Some countries, such as China, Japan, Taiwan, and South Korea, instituted new land distribution laws and structured a different kind of agricultural market. Instead of a free-market policy, these Eastern Asian countries divided land on an equal basis among the farming population. Supported by government-backed credit and marketing institutions, these countries created a new type of market. A sort of large-scale gardening was introduced where families of five to seven people tended plots of approximately one hectare (a unit of area in the metric system equal to 10,000 square meters). While not a “scalable” model for the farmer, it is important for early-stage developing countries to maximize crop production while utilizing all available labor. This type of gardening approach led to higher yields and strong output. An abundance of output generally leads to a fiscal surplus, which allows for investments in industrial investment. 

 

Stage Two: Manufacturing

 

As developing countries develop a surplus from agriculture, it is imperative that the proceeds are reinvested with a vision of propelling economic success. Many Northeast-Asian countries found success in manufacturing.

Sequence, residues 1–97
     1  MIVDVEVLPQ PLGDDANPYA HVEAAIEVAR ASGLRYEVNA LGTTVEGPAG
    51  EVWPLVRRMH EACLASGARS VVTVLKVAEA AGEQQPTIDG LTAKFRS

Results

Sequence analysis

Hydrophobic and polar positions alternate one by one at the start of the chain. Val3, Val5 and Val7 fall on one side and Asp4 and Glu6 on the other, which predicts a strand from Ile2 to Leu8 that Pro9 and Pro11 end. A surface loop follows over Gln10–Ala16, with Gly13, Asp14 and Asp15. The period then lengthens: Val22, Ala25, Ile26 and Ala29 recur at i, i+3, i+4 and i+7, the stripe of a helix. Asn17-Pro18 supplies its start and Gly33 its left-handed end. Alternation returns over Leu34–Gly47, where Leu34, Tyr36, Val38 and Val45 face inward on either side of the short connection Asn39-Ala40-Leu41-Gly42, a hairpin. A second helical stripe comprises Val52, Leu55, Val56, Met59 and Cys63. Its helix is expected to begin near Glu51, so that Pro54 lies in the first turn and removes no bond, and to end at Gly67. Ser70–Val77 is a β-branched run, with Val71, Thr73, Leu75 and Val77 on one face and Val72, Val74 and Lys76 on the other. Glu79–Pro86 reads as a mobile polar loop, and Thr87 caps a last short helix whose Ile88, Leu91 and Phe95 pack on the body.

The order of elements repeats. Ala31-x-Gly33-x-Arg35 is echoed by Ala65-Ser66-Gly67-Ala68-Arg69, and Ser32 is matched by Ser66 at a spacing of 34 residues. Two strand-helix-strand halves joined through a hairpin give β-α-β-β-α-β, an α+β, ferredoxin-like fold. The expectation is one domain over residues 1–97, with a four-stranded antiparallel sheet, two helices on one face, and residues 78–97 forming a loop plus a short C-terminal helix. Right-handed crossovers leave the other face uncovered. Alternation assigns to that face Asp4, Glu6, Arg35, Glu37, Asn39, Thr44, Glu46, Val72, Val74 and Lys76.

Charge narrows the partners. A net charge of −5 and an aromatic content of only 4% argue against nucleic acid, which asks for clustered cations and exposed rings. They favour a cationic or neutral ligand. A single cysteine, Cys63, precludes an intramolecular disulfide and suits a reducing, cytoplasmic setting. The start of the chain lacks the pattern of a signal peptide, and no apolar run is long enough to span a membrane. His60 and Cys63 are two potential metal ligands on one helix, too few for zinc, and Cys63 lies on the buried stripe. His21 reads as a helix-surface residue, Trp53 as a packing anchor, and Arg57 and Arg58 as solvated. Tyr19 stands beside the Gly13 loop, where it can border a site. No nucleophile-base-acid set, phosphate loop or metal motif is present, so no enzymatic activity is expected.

Instead of focusing solely on industries where they had a current comparative advantage, these nations developed policies to foster learning and growth in more complex sectors, particularly manufacturing. Governments supported the development of manufacturing through subsidies, protection from foreign competition, and significant investment in education and technology. 

 

Manufacturing helps boost profits from agriculture, as the investments in new machinery helped increase yields. Simultaneously, foreign trade of the newly developed machinery helped create new avenues of foreign investors purchasing the local agriculture at lower prices. Successful countries ensured that there were strong linkages between manufacturing and both the agricultural and service sectors. This created a cohesive economy where growth in manufacturing led to increased demand for agricultural products and services, thus spreading the economic benefits across different sectors.

 

Government subsidies and intervention helped protect local businesses from foreign competition by way of tariffs and quotas. Governments encouraged industries to start with simple manufacturing processes and gradually move up the value chain to more complex and technologically advanced products. This process was often supported by licensing agreements, foreign direct investment (FDI) that involved technology transfer, and substantial investments in research and development. The revenues from manufacturing were reinvested into infrastructure improvements such as roads, irrigation systems, and storage facilities, which directly benefited the agricultural sector.